Did you know that money is the number one source of stress for Americans?
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According to research, it’s an even bigger anxiety trigger than work and family responsibilities. No wonder so many people find salary negotiation so daunting!
Salary negotiation may be necessary, but it doesn’t have to be evil. It’s pretty straightforward when you get down to it — it’s all about doing your research and knowing how to appropriately and respectfully make your case for higher pay.
Ready to ditch the dread and approach money talks with confidence?
Whether you’re negotiating the terms for a new position or interested in asking for a raise, these salary negotiation tips will help you get down to business.
Why Is Salary Negotiation So Scary?
What is it about salary negotiation that can reduce otherwise capable and competent adults to a quivering mass of stress hormones?
According to EB Sanders, a career coach and founder of the course Career Change With Confidence, there are two factors at play: a fear of the unknown and a lack of knowledge about standard pay rates. “People tend to get anxious because of the unknown, “says Sanders. “If you haven’t done your research and therefore don’t know the market rates for your role, asking for any number can be scary because you will have no idea if you’re asking for the ‘right’ amount.”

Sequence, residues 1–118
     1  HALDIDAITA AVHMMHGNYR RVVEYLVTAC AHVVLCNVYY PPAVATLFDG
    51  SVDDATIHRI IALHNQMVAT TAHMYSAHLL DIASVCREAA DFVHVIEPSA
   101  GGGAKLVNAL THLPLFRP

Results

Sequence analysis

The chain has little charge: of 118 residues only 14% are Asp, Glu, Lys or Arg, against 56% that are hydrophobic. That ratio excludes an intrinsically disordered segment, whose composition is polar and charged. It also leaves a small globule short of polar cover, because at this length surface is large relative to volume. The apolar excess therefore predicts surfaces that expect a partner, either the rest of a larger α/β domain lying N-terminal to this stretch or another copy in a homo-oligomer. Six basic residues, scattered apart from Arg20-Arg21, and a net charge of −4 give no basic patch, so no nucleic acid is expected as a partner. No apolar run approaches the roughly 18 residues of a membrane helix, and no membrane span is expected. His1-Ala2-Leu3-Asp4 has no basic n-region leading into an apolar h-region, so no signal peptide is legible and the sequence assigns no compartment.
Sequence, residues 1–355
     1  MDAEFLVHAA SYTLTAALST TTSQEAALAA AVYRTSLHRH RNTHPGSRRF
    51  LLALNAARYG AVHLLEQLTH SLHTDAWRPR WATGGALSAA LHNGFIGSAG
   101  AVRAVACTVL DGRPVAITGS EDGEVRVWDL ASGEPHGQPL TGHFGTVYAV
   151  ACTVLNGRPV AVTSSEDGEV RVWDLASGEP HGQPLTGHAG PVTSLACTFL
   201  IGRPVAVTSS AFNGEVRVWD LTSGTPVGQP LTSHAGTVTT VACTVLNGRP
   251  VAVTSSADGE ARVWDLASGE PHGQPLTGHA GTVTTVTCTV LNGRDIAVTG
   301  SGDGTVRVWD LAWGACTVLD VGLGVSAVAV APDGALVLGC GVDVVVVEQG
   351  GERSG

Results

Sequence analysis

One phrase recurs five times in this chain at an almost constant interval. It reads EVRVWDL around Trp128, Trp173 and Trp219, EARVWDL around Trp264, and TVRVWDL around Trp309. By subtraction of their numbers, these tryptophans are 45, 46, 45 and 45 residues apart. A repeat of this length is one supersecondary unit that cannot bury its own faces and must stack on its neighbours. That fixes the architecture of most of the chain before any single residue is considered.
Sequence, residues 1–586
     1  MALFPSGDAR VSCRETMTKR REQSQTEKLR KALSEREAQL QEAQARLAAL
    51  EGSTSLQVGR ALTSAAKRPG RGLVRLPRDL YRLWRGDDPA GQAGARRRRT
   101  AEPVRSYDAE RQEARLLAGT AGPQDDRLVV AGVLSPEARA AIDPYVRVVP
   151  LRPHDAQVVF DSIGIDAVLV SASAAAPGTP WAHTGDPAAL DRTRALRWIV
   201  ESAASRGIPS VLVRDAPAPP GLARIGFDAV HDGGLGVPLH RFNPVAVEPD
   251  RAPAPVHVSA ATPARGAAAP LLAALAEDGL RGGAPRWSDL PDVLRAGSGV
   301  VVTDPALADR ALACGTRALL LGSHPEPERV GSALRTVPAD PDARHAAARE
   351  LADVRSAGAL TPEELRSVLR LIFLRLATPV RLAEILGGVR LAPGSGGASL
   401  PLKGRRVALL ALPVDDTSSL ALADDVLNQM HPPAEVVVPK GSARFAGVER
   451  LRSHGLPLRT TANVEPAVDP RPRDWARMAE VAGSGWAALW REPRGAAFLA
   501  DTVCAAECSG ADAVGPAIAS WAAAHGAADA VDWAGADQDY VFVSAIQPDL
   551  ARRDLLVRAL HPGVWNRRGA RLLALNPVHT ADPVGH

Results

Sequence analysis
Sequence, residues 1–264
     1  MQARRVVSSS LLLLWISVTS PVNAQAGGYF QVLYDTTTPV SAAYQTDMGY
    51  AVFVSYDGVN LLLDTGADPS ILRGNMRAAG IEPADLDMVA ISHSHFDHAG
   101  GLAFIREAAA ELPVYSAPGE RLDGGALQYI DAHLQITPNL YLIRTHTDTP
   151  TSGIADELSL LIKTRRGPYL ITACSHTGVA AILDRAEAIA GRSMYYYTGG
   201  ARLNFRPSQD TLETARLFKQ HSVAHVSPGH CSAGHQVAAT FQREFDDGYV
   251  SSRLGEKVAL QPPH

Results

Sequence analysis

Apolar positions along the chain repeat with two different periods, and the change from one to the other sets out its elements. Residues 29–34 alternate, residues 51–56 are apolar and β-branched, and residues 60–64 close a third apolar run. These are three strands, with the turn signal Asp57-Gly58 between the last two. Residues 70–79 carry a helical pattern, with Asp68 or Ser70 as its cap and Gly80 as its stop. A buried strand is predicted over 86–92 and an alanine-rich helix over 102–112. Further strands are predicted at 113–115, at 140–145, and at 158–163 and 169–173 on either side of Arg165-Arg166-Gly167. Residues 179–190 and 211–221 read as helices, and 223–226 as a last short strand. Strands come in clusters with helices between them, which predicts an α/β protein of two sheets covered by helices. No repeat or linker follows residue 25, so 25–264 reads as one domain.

Another big salary negotiation fear? Coming off as disrespectful or handling the negotiation poorly.
Kelley Baker, who has forged a unique career as a licensed manicurist and certified professional resume writer (CPRW), observes that it’s common for people to “fear that countering the first offer might make them seem arrogant, overconfident or ungrateful. They may also be afraid that they’ll leave some money on the table during a negotiation.”
No doubt about it — these fears are real and significant. But they’re not insurmountable. So how can you prepare yourself to bring up the topic of additional pay in a respectful but confident way?
Let’s take a look.
Negotiate Like a Pro With These Salary Negotiation Tips
How do you manage the stress of money negotiations? It’s largely a matter of gaining clarity on what you’re asking for and why, and understanding how to ask for it respectfully yet confidently. You may not ever love salary negotiation, but these tips can help you get through the challenging process with flying colors: